Femi Fani-Kayode as the servant of truth

By

Noel A. Ihebuzor

I read Femi Fani-Kayode’s article and I am responding to the claims in the excerpts below. (I prefer to leave responses to other sections in his very revealing write up to persons with about the same skill sets and mindsets as he has).

The igbo had little to do with the extraordinary development of Lagos between 1880 right up until today. That is a fact. Other than Ajegunle, Computer Town, Alaba and buying up numerous market stalls in Isale Eko where is their input”?

“for Chinua Achebe records in his book, and we can roughly confirm that there were not more than a few thousand Igbos in Lagos before the civil war”.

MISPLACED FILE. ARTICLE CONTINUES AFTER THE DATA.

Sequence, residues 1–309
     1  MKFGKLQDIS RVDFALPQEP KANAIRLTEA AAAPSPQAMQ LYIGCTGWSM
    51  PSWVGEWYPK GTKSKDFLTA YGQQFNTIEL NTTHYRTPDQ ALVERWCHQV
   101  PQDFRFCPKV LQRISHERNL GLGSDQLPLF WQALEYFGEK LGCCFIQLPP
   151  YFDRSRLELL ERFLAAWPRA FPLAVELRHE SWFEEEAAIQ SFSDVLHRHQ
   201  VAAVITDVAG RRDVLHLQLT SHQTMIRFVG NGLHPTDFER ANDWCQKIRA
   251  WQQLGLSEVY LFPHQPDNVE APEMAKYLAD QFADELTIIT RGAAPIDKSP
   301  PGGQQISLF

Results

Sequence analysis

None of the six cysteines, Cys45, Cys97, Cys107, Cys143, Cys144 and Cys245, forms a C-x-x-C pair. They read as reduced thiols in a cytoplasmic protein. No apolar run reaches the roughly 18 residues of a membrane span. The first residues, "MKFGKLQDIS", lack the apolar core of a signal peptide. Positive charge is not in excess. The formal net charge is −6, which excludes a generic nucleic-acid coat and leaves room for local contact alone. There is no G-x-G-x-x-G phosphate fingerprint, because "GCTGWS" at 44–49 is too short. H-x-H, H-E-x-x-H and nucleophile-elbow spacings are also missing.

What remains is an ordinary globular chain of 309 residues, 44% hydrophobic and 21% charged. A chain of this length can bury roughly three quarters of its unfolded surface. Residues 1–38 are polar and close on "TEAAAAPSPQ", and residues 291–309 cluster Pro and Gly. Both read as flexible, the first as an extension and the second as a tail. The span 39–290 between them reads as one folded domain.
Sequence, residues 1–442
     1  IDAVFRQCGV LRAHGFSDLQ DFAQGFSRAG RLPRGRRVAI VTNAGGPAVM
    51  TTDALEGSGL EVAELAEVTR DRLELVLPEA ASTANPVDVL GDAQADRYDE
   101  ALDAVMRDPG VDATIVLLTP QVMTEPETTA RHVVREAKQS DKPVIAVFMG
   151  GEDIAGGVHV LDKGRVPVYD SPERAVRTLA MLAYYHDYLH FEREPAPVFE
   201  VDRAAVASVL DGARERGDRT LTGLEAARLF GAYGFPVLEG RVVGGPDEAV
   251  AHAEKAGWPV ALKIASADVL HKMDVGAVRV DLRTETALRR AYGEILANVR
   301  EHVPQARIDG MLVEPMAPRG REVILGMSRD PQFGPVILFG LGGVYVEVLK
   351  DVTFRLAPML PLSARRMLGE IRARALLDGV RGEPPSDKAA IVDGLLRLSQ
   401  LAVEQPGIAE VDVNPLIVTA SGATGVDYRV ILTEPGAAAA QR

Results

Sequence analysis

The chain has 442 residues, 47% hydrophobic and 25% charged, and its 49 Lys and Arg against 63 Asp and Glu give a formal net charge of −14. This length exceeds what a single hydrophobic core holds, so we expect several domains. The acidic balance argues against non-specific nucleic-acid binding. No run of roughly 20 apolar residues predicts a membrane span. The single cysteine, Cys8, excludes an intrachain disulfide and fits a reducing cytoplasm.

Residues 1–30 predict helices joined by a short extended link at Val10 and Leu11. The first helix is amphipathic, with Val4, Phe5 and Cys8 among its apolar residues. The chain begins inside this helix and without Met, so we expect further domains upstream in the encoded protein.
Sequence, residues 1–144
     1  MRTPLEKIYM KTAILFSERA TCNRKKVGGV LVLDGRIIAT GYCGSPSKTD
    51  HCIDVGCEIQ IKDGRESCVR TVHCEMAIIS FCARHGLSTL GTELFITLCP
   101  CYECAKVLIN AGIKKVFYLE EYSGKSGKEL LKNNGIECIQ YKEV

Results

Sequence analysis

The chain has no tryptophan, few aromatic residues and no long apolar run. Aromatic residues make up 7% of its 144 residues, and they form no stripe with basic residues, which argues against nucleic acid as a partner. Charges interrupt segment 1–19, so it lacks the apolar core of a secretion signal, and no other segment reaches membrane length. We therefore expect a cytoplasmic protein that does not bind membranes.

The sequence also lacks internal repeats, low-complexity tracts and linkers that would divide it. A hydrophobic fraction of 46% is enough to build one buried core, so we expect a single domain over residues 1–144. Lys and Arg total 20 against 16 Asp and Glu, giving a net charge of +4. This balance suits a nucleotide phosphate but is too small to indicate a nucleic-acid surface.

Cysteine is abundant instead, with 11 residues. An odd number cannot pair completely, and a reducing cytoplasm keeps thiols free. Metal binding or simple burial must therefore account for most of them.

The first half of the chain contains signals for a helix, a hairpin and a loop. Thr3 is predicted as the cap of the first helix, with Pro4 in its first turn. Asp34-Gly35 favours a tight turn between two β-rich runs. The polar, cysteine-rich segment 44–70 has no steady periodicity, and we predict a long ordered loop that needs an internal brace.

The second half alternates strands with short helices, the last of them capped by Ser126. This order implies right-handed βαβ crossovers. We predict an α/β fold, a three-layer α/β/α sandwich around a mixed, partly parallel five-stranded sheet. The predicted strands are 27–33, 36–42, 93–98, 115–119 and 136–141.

The excerpts are amazing and reveal a lot. One thing they reveal for sure is how much economics and history Mr Femi Fani Kayode actually knows. For one thing, he appears to ignore the fact that contributions to economic development can take several forms – hard and soft. Some soft contributions, in the form ideas and the projection of certain work ethics can and do catalyze development even more than the building of infrastructure. Secondly he does not recognize the facts of multiplier effects. Thirdly the claim that there were not more than a few thousand Igbos in Lagos before the war would be more meaningful if the reader was informed of the population of Lagos and the distribution according to ethnic groups during the same period. Were the other ethnic units in their millions in a geographical space where the total population was in its thousands? (The total population of Lagos was 272, 200 in 1952 and 665,000 in 1963 according to the Federal Office of Statistics). Fourthly, concerning the ethnic supremacist claim that one ethnic group’s efforts were largely responsible for what Lagos is today, were the industries in Lagos established in the industrial estates in Apapa, Mushin and Ikeja the work of one ethnic group alone? What of the Federal Government infrastructure that helped facilitate growth and development in Lagos – The Port, the Airport and the Railway – were these the work of one ethnic group alone? Fifthly and coming to the present, there are quite a number of institutions with Headquarters in Lagos which are either fully owned by persons from the South East or which have strong South East ownership. These include quite a number of successful high street banks and financial institutions. One can easily list a number of insurance, oil marketing and several South East owned SMEs companies operating in Lagos and making invaluable contributions to the development of Lagos State. These institutions pay taxes, provide employment and their presence creates secondary employment and a number of other ripple effects with net positive development impacts on Lagos State. Mr Femi Fani Kayode either failed to take such contributions into consideration when making his dismissive and sweeping statement or he was simply not aware of them.